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Vietnam, China, and the Paracels (2)

As early as 1956, China, taking advantage of the withdrawal of the French expeditionary force from Indochina, quietly occupied the eastern part of the Paracel archipelago.

On January 15, 1974, a year after the signing of the Paris Treaty which limited the presence of American troops in South Vietnam, Beijing sent troops to the western islands of the Paracels.

On the fateful day, the 19th of January, 1974, the Chinese navy completed its invasion of the western islands despite the fierce resistance of the Vietnamese Navy.

Vietnam’s representative to the United Nations brought the matter to the United Nations’ Security Council.  Diplomatic notes were sent to all the signatories of the Paris Agreement.  However, China, with its veto power in the Security Council, stalled whatever significant efforts made by the Vietnamese government.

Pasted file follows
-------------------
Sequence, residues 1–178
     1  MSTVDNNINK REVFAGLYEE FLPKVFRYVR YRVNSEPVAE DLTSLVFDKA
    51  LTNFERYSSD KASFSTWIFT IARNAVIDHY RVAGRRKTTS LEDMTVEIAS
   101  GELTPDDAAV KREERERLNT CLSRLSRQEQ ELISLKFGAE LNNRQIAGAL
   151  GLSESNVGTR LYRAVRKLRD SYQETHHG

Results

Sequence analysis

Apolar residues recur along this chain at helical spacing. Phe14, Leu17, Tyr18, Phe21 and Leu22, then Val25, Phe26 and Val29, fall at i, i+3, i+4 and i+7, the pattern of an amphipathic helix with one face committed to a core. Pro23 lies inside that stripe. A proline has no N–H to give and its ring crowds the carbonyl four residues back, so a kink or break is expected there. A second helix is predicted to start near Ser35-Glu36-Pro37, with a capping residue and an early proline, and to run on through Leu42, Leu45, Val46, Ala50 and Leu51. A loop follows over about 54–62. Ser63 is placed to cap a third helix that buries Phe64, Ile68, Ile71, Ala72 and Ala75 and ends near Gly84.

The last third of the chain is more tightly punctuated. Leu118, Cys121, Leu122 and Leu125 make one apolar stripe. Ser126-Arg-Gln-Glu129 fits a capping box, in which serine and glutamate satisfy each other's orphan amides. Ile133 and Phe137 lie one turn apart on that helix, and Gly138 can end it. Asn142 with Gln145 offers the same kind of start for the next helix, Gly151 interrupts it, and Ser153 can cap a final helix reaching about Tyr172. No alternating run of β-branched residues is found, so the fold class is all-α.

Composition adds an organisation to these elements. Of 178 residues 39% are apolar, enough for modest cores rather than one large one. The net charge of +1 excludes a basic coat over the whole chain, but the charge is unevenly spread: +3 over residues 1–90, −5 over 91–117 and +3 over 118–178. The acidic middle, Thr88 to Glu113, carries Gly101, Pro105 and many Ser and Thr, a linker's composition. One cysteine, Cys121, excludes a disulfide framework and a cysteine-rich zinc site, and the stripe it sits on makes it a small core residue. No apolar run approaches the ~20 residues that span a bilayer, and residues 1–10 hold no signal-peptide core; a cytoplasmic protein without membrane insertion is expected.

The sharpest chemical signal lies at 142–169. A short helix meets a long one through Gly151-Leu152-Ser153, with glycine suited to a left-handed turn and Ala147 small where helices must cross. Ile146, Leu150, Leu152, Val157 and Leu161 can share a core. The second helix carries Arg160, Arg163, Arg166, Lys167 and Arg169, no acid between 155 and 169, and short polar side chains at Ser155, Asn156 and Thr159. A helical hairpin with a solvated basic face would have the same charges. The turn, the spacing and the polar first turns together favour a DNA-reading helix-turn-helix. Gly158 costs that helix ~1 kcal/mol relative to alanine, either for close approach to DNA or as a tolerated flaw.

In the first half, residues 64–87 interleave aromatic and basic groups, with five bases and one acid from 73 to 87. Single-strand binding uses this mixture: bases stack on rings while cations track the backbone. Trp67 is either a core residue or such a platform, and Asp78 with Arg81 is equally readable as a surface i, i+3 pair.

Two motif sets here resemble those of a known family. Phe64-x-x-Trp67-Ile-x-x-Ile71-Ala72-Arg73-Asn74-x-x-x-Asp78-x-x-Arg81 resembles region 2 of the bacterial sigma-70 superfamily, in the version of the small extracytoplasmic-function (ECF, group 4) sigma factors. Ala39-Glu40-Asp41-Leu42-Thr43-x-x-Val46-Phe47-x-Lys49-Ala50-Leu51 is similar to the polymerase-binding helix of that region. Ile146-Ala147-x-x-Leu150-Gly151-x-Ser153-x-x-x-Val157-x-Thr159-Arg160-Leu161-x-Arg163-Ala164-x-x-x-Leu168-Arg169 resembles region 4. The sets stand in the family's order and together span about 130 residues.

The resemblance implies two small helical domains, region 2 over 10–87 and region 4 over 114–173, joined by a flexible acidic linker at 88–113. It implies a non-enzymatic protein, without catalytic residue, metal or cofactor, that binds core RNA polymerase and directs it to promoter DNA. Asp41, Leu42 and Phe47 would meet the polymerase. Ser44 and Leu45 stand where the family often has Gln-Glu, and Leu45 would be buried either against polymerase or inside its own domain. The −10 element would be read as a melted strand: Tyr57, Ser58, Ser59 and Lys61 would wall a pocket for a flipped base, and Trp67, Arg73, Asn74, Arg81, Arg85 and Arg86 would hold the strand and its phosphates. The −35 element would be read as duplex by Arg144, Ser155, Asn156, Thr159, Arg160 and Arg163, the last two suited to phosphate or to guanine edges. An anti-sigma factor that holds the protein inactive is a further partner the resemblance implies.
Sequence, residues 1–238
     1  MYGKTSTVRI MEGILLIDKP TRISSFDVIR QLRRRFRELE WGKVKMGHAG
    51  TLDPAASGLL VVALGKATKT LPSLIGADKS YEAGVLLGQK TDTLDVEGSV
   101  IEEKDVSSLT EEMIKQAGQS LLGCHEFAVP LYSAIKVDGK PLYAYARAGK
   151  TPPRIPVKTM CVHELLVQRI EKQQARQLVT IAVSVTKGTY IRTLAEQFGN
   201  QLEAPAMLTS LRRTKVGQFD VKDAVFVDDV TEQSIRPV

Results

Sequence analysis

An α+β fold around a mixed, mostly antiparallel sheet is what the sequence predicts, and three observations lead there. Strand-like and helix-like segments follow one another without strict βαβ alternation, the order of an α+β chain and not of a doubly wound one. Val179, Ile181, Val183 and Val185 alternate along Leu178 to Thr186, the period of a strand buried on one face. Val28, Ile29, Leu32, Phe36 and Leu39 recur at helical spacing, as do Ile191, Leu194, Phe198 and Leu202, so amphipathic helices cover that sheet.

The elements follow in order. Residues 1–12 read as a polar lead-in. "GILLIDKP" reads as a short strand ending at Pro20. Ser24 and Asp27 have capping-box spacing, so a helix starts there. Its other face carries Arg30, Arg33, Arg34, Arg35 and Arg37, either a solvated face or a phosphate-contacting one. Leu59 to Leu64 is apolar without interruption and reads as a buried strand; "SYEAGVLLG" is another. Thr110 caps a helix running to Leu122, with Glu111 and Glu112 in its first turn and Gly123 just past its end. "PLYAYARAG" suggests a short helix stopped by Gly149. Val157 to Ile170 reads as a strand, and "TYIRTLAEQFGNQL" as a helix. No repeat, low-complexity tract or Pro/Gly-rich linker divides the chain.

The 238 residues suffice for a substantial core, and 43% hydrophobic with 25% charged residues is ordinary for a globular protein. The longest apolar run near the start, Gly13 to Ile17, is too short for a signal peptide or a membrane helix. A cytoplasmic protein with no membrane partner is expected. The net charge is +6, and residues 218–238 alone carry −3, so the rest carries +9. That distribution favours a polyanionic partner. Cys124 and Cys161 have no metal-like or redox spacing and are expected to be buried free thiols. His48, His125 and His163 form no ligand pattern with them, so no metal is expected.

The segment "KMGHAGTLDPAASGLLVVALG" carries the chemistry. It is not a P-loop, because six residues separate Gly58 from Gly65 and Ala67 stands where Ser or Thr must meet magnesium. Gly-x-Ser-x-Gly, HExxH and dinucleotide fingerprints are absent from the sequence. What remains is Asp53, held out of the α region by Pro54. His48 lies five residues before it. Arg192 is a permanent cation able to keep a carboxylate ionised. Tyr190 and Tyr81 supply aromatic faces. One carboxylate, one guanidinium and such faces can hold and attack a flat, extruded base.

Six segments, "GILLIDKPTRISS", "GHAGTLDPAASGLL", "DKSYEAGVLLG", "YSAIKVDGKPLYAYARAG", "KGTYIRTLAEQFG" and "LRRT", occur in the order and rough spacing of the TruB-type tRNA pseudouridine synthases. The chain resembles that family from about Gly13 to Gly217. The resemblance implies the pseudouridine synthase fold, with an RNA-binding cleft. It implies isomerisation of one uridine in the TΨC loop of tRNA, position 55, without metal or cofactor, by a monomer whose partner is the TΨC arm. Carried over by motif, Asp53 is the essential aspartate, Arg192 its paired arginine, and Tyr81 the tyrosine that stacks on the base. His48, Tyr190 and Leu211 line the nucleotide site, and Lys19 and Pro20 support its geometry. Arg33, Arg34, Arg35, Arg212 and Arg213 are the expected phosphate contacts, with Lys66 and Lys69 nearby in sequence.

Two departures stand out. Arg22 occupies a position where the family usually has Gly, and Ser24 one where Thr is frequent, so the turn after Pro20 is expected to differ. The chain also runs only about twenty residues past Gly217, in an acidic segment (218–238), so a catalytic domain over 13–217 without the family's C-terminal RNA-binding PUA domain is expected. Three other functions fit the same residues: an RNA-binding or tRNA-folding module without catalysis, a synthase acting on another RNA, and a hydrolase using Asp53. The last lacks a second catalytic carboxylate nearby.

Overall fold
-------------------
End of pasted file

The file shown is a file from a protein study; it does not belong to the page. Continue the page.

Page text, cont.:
On February 7, 1974, Vietnam’s representative to the United Nations delivered a statement at the United Nations Conference on the Law of the Sea (UNCLOS) asserting Vietnam’s sovereignty over the Paracels.  Despite Vietnam’s protests, China occupied and developed infrastructure within the Paracels.  In 1975, with the unification of Vietnam, It declared explicit sovereignty over the Paracels.

From Vietnam’s point of view, China’s intervention on the Paracel Islands in 1974 was in utter disregard for International Law which includes the principles of acquisition of territory which cannot be done by force as clearly stated in the UN Charter.

It is considered illegal for another state to use force or threat to use force because a territory of a state shall not be the object of military occupation by another.

Every state has the duty to refrain from the use of force to encroach on the existing border with another country.

The world is governed by laws and not of men or force thereby making gunboat diplomacy illegal and such use of force cannot and will never be the basis of laws.

(To be continued)